As we announced last week, we’re getting ready to roll out Version 2.0 of the eleven original Creative Commons licenses. Review a draft of v2.0 of the by-nc-sa license (from which all other licenses are composed) and let us know what you think. It’ll be up until Feb. 15, and we may make updates in the meantime — we’ll let you know.
A review of the changes, with directions to the relevant section:
- Warranties will now be a matter of choice for the licensor. See Section 5a.
- The attribution clause will include a link-back requirement simliar to the one previously discussed here. Licensees will only be required to link back to licensors if (1) it’s reasonably practical to do so; (2) the licensor actually specifies a URI; (3) that URI actually points to license information about the work. See Section 4d.
- The Share Alike provision will be more flexible. The provision will allow licensees to license resulting derivative works under Creative Commons licenses that feature the same license restrictions/permissions, including future and iCommons versions of the same license. The Share Alike provision will also be clearer about what happens when different kinds of Share Alike content is mixed together (e.g., How to license a collage made from an SA photograph combined with an NC-SA photograph). See Section 4b.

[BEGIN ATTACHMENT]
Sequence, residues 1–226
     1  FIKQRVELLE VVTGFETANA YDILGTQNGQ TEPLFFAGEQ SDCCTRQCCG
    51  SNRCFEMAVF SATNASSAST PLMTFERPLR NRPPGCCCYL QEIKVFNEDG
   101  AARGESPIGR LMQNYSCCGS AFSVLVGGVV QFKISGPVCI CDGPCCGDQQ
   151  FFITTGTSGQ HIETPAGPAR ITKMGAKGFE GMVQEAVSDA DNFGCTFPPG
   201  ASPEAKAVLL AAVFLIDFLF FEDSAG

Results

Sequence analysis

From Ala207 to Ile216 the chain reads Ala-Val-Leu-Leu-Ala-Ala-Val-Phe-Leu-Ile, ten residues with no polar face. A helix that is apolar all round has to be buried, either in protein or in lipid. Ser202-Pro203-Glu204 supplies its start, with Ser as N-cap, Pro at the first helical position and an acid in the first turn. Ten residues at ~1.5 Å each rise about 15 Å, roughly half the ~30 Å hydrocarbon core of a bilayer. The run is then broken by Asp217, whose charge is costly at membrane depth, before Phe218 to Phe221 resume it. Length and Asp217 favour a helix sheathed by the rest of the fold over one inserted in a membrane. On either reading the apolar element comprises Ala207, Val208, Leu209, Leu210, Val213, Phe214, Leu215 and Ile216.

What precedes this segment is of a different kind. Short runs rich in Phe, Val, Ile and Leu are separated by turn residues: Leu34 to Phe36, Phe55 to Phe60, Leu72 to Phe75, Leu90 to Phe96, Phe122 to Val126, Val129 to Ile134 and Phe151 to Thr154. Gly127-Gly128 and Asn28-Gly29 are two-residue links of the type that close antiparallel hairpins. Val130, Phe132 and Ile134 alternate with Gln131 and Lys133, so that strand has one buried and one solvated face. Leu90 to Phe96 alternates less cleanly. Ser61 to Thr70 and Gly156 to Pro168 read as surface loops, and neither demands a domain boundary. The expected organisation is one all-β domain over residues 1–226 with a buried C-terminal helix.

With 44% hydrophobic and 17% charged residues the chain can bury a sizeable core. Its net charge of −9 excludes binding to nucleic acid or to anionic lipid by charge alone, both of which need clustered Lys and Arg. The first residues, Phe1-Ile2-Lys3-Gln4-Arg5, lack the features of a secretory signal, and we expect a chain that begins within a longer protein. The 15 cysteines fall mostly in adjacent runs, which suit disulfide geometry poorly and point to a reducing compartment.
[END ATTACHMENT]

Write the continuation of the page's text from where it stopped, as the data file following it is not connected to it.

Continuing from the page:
- Ideas for creating compatibility between our SA license and the GNU FDL are coming soon. We’ll post here and to the cc-licenses list when it’s ready.
The New York Times Magazine mentions Creative Commons in a long piece about copyright reform this week. The article seems to be aimed at a general overview of the movement and forgets a few key details, like Richard Stallman being the man behind Copyleft.Comments Off
He also recently launched a site dedicated to sharing tips and reviews of the software he uses when creating music. A post definitely worth sharing here is the one about sampling, aimed at other turntablists: “Where the Samples Are.” He covers the legal way to acquire rights to use commercial samples, how and where to find Creative Commons licensed samples and what benefits they provide, and lastly how to simply pilfer commerical samples and what the consequences might be.1 Comment »